The difference between the GDP and the specialist view may be related to differing professional expectations. On the one hand GDPs are driven by the wish to provide appropriate, continuing and most importantly, holistic care for the children that they treat. The aim is to provide a level of dental care that will take a child through the primary and mixed dentition phase. Along the way, a sensible balance has to be struck between decisions to intervene restoratively and the desire to ensure the child is free from pain and discomfort, simultaneously avoiding dentally-related fear and anxiety due to traumatic episodes of treatment. This approach accepts that it is appropriate for some children to have unrestored carious primary teeth, because they are temporary structures, and overall, the child may benefit from less rather than more restorative care, particularly if the child is anxious about dental treatment. This approach puts the child before the tooth.

Most specialist paediatric dentists, on the other hand, do not have a long term continuing care responsibility, as their role is to deliver episodes of care to children referred by GDPs. This secondary care role understandably has the effect of elevating the status of the 'immediate' dental problem, with its assiduous treatment being paramount. The dental profession, and each clinical specialty within it, has its own aesthetic. Dentists admire perfectly executed restorative work and untreated caries can offend this aesthetic sensibility. Within this paradigm, non-intervention is seen by many paediatric specialists as complacency, or at worst, neglect. However, if we are to ensure that the primary dentition is cared for appropriately, then this ingrained aesthetic, borne of years of training, needs to be set aside and in its place there should be developed a coherent policy for the care of the primary dentition that is based on sound scientifically derived principles.

Since the publication of research work that has raised questions about the dental care of the primary dentition,1, 2, 10 the response from GDPs has been muted. Perhaps the results do not come as a surprise to them. A modest number of anecdotal reports from GDPs both supporting and questioning the findings have appeared in the letters to the Editor of the British Dental Journal.11 Perhaps the most astonishing response has come from the Consultants in Paediatric Dentistry Group which concludes that when prevention fails in young children, effective treatment interventions should be available including the facility to "refer young children with caries to specialist centres".12 It is difficult to understand this approach, unless we accept the view that caries in the primary dentition is somehow 'special' and its management is beyond the scope of the general dental practitioner. From a pragmatic viewpoint the prospect of delivering the specialist restorative approach, as set out in the BSPD policy document, to the five million children aged under 12 years who are currently registered in the GDS is alarming. Quite apart from the questions of the cost of such a service, and the workforce needed to deliver it, there is something vaguely disquieting about an approach which has a questionable evidence base and which has been rejected by the majority of the dental profession.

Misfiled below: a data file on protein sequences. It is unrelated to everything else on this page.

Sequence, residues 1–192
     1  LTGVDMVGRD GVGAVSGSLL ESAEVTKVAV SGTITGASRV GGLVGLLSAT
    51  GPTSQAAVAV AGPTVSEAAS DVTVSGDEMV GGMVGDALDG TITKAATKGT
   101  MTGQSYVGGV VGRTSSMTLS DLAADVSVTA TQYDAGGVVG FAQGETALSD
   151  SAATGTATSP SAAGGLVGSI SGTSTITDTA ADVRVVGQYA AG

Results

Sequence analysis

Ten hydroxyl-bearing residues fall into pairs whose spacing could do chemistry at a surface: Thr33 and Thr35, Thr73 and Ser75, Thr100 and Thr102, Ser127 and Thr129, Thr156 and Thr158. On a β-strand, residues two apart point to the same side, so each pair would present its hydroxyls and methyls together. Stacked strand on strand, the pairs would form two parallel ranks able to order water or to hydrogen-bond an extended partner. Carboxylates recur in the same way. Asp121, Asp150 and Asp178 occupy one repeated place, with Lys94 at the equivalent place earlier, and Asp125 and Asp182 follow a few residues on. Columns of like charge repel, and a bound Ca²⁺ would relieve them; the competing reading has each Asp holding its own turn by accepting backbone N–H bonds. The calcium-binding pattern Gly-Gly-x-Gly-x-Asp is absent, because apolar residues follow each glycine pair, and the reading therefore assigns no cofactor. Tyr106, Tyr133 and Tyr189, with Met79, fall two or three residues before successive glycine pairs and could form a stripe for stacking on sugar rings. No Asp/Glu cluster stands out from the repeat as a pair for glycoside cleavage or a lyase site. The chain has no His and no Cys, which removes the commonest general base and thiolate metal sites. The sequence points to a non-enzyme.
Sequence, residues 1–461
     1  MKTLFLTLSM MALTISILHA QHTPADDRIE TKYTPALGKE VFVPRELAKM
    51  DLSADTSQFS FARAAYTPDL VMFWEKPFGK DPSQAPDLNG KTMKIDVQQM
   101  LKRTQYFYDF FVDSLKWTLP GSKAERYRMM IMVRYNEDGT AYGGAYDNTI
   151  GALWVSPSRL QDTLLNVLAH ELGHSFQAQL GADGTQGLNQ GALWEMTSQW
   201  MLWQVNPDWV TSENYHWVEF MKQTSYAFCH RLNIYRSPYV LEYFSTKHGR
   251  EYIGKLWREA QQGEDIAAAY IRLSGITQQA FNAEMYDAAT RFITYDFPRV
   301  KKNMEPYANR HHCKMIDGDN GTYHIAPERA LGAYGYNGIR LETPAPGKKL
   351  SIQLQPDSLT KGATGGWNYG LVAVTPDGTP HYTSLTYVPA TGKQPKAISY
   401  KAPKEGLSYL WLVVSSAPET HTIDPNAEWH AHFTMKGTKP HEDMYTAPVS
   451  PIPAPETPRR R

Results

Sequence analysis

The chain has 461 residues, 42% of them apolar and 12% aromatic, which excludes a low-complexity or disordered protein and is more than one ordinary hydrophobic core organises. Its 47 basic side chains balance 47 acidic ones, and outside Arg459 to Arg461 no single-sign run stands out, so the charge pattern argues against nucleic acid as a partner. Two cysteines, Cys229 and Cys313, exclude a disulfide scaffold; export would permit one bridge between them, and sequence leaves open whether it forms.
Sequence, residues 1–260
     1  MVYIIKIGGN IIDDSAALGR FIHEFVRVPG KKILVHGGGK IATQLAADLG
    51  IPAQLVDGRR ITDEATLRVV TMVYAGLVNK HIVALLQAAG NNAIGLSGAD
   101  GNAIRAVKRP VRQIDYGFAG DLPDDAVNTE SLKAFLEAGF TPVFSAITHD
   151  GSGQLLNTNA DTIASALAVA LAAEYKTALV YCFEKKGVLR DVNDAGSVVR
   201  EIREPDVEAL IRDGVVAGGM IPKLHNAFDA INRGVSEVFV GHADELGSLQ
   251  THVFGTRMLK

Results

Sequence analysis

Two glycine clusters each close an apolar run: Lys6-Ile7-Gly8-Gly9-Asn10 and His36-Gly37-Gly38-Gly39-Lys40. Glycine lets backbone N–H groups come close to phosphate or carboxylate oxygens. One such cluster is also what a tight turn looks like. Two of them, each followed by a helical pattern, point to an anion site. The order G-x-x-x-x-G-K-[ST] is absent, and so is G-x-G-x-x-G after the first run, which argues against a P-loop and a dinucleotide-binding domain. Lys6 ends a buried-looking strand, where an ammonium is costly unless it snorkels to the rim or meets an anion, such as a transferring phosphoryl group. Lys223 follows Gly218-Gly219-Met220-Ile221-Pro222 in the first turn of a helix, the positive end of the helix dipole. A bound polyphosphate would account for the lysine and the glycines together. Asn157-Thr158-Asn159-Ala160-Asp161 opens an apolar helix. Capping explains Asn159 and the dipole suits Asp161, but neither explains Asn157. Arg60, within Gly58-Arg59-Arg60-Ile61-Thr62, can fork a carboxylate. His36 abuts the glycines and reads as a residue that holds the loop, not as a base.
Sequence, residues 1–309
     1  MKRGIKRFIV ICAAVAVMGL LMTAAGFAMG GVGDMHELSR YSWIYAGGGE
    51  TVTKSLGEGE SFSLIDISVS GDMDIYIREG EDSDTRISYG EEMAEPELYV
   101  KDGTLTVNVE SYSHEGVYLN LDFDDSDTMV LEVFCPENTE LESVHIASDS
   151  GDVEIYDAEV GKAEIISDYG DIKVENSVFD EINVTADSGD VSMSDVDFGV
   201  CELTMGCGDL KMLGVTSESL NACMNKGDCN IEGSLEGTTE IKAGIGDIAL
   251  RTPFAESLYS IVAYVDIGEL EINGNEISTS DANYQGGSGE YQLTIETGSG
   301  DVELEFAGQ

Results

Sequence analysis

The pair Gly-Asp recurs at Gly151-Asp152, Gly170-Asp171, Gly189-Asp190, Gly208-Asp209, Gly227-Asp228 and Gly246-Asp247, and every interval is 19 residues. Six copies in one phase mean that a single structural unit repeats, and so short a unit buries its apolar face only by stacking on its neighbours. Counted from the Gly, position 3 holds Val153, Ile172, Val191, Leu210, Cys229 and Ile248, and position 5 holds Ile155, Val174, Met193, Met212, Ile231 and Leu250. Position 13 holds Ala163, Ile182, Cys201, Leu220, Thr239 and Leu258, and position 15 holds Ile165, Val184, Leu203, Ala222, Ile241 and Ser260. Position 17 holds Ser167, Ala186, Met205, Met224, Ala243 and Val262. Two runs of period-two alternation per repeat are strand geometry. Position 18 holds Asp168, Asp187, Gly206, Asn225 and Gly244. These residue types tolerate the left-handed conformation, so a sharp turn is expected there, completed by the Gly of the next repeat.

Ultimately what matters are the best interests of children. Do we actually know the best way to care for children with decay in the primary dentition? If we do not then we should ask ourselves which approach is more reasonable, the less interventive approach practiced by the majority of GDPs or referral that will allow the delivery of 'ideal' specialist paediatric dental treatment despite growing concerns over the appropriateness, logistics and costs of such an approach?

Paediatric dental care is at a crossroads — ethical practice and clinical governance demand that treatment is only provided if it produces a benefit. We are now in a world where 'expert opinion' is no longer regarded as an adequate platform upon which to base clinical and policy decisions. Increasingly, the profession needs to develop a credible evidence base for the work clinicians undertake, irrespective of whether they are generalists or specialists. A debate on the care of the carious primary dentition has begun and with it an opportunity has been presented for the dental profession collectively to begin to put the care of the primary dentition on a sound scientific footing.